Before moving from Southern California to Seattle, I started many an undecided morning with a Google search. As soon as I typed “Should I move”, Google knew Seattle was my potential destination. (Google’s other guesses were that I was thinking of moving to Canada or moving in with a girlfriend or boyfriend). Google could never make my decision for me, but it could and did provide its daily reminder of the Seattle Freeze – the idea that Seattleites are superficially nice to transplants from other cities, but will never forge real friendships with newcomers. Online comments ranged from “everyone is polite, but nobody will invite you to dinner,” to “after five depressing lonely years, I am finally throwing in the towel and returning to California!” to my personal off topic favorite: “When Seattle gets an NHL team, the Seattle Freeze would be the perfect name.” Considering my sole purpose in moving to Seattle was to jumpstart my social life, I wondered if the Freeze would render my move futile. Eight months later, I am glad to report that it did not. I have more friends in Seattle than I had when I lived in Brooklyn, Los Angeles, or Orange County.
This is how I see it: Maybe Seattleites are truly set in their social ways, but that’s how humans everywhere are; it’s hard to make friends in any city post-college. That’s why the internet advises us working professionals to treat friend-making like dating or networking: Put yourself out there. Invite people to your own home. Follow up. Email everyone you know and ask them if they could connect you with people in New City. With these guidelines in mind, I set out to conquer Seattle’s social scene and make friends. Here are the strategies that worked for me.
I figured it would be easier to befriend other newbies than established natives, so I joined Meetup.com. I had previously tried Meetup in Los Angeles and Orange County with little success. But Seattle Meetup groups delivered a plethora of like-minded women seeking friends as well. I avoided the shared interests groups. I bet you and I both enjoy knitting, but I’m not looking for someone to knit with, I’m looking for someone to make me less lonely. So “girls looking for girlfriends” was my theme, and I met amazing girlfriends almost immediately. I had some false starts and hangouts with women who soon faded from my life, but like dating, it was a matter of trial and error. Pretty soon, I had some pretty amazing girlfriends, mostly new transplants like myself.
To meet people offline, I talked to everyone. Wherever I went, I struck up conversations. And followed up. I made a friend on the bus after she asked me for directions from Downtown to Queen Anne. At a Capitol Hill bar, I made friends by asking patrons if my bus friend and I could join their table. I started many conversations – at coffee shops, restaurants, and bus stops – that didn’t kickstart friendships. But like sales, it’s a numbers game. Converse with enough people, eventually you’ll have some real friends.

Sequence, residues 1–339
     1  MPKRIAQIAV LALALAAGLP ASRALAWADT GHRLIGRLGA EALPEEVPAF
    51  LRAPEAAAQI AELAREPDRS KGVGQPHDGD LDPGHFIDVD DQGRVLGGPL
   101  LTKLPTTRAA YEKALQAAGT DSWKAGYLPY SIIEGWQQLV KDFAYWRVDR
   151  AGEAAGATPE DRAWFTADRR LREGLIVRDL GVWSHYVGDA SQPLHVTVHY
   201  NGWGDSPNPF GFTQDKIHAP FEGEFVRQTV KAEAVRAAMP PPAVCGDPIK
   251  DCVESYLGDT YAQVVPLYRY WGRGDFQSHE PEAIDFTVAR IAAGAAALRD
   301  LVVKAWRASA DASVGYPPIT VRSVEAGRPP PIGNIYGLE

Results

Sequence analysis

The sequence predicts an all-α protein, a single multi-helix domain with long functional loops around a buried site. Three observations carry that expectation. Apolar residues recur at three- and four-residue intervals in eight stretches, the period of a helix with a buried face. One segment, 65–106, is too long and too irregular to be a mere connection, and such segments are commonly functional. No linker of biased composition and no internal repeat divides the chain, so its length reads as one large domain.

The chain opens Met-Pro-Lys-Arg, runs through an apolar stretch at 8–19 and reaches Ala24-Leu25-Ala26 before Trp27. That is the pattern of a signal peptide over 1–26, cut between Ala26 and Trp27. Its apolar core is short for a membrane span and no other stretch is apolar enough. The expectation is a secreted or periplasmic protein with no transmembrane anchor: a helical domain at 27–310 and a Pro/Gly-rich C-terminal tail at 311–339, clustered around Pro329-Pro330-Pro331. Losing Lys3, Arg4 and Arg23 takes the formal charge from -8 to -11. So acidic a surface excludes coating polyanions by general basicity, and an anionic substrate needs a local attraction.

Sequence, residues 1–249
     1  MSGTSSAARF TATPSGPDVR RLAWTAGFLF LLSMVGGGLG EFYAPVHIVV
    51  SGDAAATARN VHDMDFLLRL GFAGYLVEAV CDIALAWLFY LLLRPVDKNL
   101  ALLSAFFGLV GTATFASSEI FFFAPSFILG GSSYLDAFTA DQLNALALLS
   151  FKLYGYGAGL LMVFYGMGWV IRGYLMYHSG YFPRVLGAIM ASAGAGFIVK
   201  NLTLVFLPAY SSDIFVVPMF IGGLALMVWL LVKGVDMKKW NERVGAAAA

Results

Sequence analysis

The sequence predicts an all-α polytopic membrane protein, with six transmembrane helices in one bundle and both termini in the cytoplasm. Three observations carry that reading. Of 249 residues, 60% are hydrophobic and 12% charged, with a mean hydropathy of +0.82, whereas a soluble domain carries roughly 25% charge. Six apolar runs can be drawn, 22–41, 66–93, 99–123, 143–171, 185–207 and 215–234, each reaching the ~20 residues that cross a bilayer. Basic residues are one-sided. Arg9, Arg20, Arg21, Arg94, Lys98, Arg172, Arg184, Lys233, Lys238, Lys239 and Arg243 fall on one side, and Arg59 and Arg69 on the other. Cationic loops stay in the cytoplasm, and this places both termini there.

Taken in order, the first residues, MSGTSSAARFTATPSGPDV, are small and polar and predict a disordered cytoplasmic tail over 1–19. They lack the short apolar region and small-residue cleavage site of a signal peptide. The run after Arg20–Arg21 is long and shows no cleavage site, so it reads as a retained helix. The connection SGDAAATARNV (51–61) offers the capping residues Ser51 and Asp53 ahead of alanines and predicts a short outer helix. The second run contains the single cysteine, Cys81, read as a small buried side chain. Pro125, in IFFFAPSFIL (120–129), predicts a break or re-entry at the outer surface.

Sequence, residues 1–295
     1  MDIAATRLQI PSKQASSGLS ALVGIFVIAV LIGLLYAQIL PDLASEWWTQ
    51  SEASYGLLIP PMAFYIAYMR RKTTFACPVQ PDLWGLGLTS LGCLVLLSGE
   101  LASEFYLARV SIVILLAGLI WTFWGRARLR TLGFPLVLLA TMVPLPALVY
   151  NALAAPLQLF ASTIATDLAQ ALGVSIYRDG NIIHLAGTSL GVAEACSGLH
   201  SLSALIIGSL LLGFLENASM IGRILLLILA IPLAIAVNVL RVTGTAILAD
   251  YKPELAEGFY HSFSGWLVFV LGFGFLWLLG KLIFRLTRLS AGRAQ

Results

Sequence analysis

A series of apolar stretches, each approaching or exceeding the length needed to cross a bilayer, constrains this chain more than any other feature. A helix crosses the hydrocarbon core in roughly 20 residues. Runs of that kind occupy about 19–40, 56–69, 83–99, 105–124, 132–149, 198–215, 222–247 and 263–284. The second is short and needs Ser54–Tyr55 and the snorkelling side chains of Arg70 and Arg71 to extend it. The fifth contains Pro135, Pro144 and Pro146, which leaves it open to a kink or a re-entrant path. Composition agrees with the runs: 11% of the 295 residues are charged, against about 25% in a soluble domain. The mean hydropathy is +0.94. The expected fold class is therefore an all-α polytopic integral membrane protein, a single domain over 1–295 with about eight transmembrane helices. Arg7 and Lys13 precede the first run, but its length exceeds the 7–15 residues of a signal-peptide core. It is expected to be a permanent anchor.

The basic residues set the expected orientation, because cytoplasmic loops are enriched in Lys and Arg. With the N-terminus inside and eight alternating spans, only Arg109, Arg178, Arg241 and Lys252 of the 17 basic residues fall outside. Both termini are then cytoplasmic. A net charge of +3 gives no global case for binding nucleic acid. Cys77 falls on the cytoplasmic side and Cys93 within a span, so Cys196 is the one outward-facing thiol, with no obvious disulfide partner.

And then I followed up and invited them out. I remembered the online commenters who lamented that Seattleites wouldn’t invite them over or include them in plans. I circumvented that obstacle by doing the inviting myself. I texted everyone who had given me to their number to invite them to happy hours, brunches, and Mariners games at Safeco Field. Since Seattle is so full of new transplants with few social ties, many textees joined me. Eventually, they began reciprocating, and my weekends started filling up by Wednesday. I had a pretty solid range of transplant friends.
But in my quest to crack the Seattleite friendship code and befriend Seattle natives, I turned to my workplace. I asked my colleagues for input on everything – neighborhoods, housing, doctors, dentists, hairstylists, restaurants, and bars. I found this to be a foolproof strategy. Once someone invested in me slightly, they wanted me to succeed. After they suggested my neighborhood, it was easy for me to invite them to check out my apartment. And my local bars. And parks. It snowballed from there.
Friends introduced me to more friends who introduced me to more friends. Transplants introduced me to natives who introduced me to more natives and more transplants. The more comfortable I get with my Seattle social life, the harder it is to keep following up and reaching out. But operation socialize is ongoing, so I’ll keep trying. And when I hit a friend-making plateau, I plan to join the Seattle Anti-Freeze group via http://www.seattleantifreeze.com/.
Have you encountered the Seattle Freeze? Found ways to make friends in Seattle? Tell us in the comments!